4/5 – Who may Authoritatively interpret the Constitution of the United States?



The question of Constitutional authority should always be read in light of a correct understanding of the source of it’s power and authority. Both of which, in terms of civil government in human society, ultimately come from the people themselves. As George Mason, a Father of the Bill of Rights, wisely stated:

In all our associations; in all our agreements let us never lose sight of this fundamental maxim– that all power was originally lodged in, and consequently is derived from, the people. We should wear it as a breastplate, and buckle it on as our armour.”

In this sense, the term “We, the people” has applicability, as well as accuracy in terms of a general understanding. In fact, the people, themselves, should be seen as, not only the primary or foundational branch (or even, perhaps, root) of government – but also as the highest court and authority when it comes to constitutional matters. It is truly from individual rights and authority from which any  justifiable government action is derived; and the power of the state is ultimately dependent on the collective will, whether directly or indirectly, of “the people”.

Yet, in terms of the nature of the union of States, it is not enough to stop there. Accuracy demands more analysis than what seems to have become merely a platitude.


The question in regards to the US Constitution now becomes, Who’s document is it? This question may seem like mere metaphor given the 227 years of separation between ourselves and the Convention itself, yet the implications of even the attempt to answer will illustrate more about the Union than too few care to realize. Before moving on to the question of who may authoritatively interpret the US Constitution, we must first accurately answer that question.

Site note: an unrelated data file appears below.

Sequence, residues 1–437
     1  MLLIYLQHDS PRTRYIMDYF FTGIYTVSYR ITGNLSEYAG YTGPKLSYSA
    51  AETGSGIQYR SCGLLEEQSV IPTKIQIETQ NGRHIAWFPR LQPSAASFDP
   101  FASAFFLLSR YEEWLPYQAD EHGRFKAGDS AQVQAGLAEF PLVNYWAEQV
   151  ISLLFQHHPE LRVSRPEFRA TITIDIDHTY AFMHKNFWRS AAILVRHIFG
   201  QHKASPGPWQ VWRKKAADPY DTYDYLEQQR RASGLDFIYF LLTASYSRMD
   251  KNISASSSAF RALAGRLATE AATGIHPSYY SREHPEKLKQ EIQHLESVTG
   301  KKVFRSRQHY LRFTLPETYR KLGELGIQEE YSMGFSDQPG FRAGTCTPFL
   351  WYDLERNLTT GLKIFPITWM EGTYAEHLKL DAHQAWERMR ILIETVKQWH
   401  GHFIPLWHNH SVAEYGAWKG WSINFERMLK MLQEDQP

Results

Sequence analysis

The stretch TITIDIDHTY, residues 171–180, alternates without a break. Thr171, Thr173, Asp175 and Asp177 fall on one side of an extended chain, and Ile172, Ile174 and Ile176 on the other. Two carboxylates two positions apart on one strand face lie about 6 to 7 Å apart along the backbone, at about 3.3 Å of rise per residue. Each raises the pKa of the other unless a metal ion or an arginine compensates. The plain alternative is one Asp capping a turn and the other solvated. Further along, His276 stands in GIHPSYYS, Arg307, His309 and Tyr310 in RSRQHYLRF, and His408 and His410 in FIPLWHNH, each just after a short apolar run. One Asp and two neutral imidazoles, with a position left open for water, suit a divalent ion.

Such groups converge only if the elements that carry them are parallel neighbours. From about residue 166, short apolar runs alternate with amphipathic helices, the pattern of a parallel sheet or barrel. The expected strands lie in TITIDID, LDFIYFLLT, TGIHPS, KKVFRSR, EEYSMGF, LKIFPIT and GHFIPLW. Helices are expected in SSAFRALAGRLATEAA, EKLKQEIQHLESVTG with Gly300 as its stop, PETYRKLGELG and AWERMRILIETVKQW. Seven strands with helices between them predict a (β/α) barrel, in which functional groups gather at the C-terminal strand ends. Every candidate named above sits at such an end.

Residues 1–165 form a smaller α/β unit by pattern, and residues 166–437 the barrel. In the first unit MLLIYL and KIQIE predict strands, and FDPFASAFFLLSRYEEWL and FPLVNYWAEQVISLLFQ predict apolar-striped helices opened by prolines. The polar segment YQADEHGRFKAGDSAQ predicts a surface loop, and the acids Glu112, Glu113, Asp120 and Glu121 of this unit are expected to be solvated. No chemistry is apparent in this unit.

The US Constitution is not a document directly accountable to the people, but indirectly accountable to them via the participating State governmental systems themselves. It is a compact between the states, and thus, it is more accurately seen, not as a compact of “We, the People” – but of “We”, the participating states, in an attempt to better serve the people of ALL of the participating states, generally. (By the way, this is the correct angle by which the terms “common defense” and “general welfare” is to be interpreted).

As an aside, even the question of federal power, in spite of state power, should be seen as a matter of morally bankrupt acquiescence on the part of the States – and a failure of their duty to keep their “creature”, the Federal State, a servant to themselves in the quest for better serving the people, rather than one of aiding some federal Frankenstein in their seeming quest for domination.

Do the state officials honestly believe that the US Constitution, as a piece of paper, will enforce itself? And do they conveniently not see their duty to enforce the compact that they claim as their own? The states created the federal government via the US Constitution – and hopefully, by now, more people are beginning to see the folly in allowing the federal state to have, as a result of state acquiescence, essentially monopoly power of interpretation of the document that created it. Within the context of the US Constitution itself, wouldn’t the concept of “checks and balances” mean hardly anything to a state that is able to determine the extent of it’s own power?

Thomas Jefferson, writing to William Branch Giles, in December 1825, wrote concerning these issues as, at the time, a seemingly new reality in the American system of governments: